On cross examination Witness Smith admitted that the mixture in the glass wasn't similar to that in the barrel, that looking straight down into the glass he couldn't tell whether a skim was on top or whether there were two liquids of different consistencies, that he did not taste the liquid in the barrel, that he trusted his sense of smell and feel, that moonshine has a certain feel, that he was accustomed to a smooth feel not like water, slightly oily. That the bottle he saved was sent to a chemist in Atlanta, Georgia as far as he knew.
G. W. Schnorr then testified for the Government that he was formerly connected with the State Beverage Department, that he assisted in a search at 820-822 Tyler in June, 1954, where he saw Defendant, that Mr. Smith showed him a 20 gallon open barrel that had shine with kerosene on it, that he followed Smith into the building immediately but saw Defendant doing nothing, that Smith scooped off the kerosene and then he could smell moonshine in the barrel, that there were no stamps on the barrel. The Government then rested its case."
The only correction pointed out by the Government is as follows:
"Investigator Smith stated on cross-examination that the mixture in the glass did not look like the mixture he saw in the barrel on the day of the raid, stating the glass was transparent and the barrel was not."
See United States v. Hodorowicz, 7 Cir., 105 F.2d 218, 220, and other cases collected by Judge Brown in Barfield v. United States, 5 Cir., 229 F.2d 936, 942, note 4
See United States v. Woods, 7 Cir., 168 F.2d 255, 257
"You do not have to prove a hiding of it. The testimony here shows that it was behind that counter where it could not be seen, and the jury may conclude that that was a concealing of it, except selling. I think there is enough evidence on concealment."
See United States v. Woods, supra.
Compare United States v. Woods, supra, indicating that this exception is a matter of affirmative defense
Rule 26, F.R.Crim.Proc.; White v. Holderby, 5 Cir., 192 F.2d 722, 726; Goodall v. United States, D.C. Cir., 86 U.S.App. D.C. 148, 180 F.2d 397, 402, 17 A.L.R.2d 1070; 4 Wigmore on Evidence, 3rd ed., §§ 1159, 1160; 23 C.J.S., Criminal Law, § 967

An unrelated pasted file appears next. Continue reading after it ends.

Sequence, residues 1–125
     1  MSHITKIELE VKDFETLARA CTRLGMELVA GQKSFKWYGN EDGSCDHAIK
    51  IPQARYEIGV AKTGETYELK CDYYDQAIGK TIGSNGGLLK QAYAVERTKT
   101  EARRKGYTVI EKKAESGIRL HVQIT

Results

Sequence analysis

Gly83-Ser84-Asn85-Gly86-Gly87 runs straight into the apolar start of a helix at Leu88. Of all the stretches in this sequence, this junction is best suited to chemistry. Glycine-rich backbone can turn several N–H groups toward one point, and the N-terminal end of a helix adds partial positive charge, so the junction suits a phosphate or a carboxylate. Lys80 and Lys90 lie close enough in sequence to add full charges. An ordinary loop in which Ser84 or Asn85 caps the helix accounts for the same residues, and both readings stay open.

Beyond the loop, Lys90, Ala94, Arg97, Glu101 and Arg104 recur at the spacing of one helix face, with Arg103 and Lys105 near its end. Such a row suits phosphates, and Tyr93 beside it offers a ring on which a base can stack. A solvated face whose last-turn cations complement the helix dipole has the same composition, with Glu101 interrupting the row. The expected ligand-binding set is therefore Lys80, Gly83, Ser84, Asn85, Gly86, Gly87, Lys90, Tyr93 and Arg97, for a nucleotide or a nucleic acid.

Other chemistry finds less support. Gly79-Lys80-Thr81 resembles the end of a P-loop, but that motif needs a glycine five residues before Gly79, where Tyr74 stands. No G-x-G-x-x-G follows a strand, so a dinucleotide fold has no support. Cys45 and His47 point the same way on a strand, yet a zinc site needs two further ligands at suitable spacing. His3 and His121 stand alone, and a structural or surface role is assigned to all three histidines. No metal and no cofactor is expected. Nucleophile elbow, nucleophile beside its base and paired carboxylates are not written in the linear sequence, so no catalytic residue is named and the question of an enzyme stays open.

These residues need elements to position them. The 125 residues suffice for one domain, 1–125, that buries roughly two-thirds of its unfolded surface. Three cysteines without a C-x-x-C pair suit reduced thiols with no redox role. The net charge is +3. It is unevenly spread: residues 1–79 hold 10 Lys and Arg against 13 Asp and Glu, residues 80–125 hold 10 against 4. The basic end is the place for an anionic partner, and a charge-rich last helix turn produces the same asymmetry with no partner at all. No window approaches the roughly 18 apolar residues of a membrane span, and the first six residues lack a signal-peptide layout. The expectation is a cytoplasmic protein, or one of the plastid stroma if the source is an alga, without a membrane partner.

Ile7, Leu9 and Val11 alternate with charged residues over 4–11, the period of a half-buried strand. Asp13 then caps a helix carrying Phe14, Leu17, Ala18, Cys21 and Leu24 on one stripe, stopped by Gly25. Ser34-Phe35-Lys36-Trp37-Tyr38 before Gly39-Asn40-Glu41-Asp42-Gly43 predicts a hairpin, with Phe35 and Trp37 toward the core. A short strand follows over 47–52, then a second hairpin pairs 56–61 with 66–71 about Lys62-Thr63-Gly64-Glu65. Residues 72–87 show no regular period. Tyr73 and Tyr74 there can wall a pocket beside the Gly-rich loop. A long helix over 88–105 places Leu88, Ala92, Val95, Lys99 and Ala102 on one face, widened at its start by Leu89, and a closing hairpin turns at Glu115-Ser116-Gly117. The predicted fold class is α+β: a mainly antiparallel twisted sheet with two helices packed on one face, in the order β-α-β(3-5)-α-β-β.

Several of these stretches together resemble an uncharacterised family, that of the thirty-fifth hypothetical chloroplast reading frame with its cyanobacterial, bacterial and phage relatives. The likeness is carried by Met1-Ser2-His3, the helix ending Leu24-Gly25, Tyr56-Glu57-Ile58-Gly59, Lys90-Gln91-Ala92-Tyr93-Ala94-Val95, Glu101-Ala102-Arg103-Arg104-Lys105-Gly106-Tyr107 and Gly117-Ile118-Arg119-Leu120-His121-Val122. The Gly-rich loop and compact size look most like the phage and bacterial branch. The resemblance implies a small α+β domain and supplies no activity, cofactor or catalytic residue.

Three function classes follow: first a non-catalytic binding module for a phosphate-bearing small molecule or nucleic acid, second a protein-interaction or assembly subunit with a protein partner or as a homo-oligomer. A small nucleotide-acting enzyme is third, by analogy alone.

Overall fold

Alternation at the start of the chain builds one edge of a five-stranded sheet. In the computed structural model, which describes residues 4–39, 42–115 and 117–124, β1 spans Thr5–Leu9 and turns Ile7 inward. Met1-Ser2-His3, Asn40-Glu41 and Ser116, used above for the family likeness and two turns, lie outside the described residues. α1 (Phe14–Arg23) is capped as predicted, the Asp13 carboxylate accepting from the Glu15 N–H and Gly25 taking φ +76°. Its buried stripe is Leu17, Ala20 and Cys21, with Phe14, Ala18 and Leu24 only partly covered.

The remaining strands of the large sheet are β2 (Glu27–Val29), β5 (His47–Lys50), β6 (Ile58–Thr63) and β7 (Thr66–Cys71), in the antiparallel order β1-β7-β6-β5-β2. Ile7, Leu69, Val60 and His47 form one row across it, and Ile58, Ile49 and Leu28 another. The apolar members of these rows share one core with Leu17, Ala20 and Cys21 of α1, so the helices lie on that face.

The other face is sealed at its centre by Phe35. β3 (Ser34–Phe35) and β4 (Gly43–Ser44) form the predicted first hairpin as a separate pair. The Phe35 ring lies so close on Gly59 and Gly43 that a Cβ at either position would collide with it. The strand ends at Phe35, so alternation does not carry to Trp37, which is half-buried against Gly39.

Watson v. United States, 5 Cir., 224 F.2d 910, 912
"The Court: That is what you are urging now, it was not the best evidence, and if you had made that objection I would have asked the District Attorney then and there, why aren't you producing the original contents of that barrel
"Mr. Burns: Your Honor, I now move that all testimony be stricken and the best evidence be produced.
"The Court: You cannot wait until the case is closed, young man."
The witness Smith testified:
"A. She was seated just inside the door of the store part, but I was talking to her through a small hall and a screen door. The screen door was locked on the outside and the door between the hall and the store part was open, and she was seated there. I told her that I had a Federal Search Warrant, that she shouldn't dump the whiskey but open the door and let me in.
"Q. Were you able to see what this defendant was doing while you were talking to her through the screen?
"A. She rushed right on to the door, the inside door, which is the door between the store and the hall and that was a solid door and closed it and bolted it on the inside.
"Q. How did you gain entrance to the building?
"A. I forced the screen door into the little hall and had to knock a panel out of the inside door, reach my hand in and unbolt the door."
The witness Schnorr testified:
"Q. Do you know how he got into the building?
"A. With a Federal search warrant.
"Q. Well, what did he have to do to get in?
"A. When he come up to — when he made an attempt to enter the premises, the screen door from the street was latched and this person, who was identified here later as Bloneva Atkins, was informed by Federal Officer Smith that he was a Federal Officer and had a search warrant.
"Q. Did you see what the defendant did after that?
"A. The defendant closed the door and went back in the building.
"Q. Then what happened, Mr. Schnorr?
"A. Federal Officer Smith pulled the screen door open and entered a hall, which was a panel door leading off this hall. Officer Smith pushed the panel in and unlached the door from the inside."
Rule 51, F.R.Crim.Proc.; Eastman v. United States, 8 Cir., 153 F.2d 80, 84; United States v. Daily, 7 Cir., 139 F.2d 7, 9
"The trial opens, the defendant has the presumption of innocence which stays with her throughout the trial. In other words, she does not have to offer anything. If the Government failed to offer any evidence, that would be the end of it, or if the evidence offered by the Government is insufficient to convince you beyond a reasonable doubt that she is guilty, then you should render a verdict of not guilty. That is the rule, the presumption of innocence. The burden is upon the Government to prove her guilty beyond a reasonable doubt."
United States v. Capitol Meats, 2 Cir., 166 F.2d 537, 539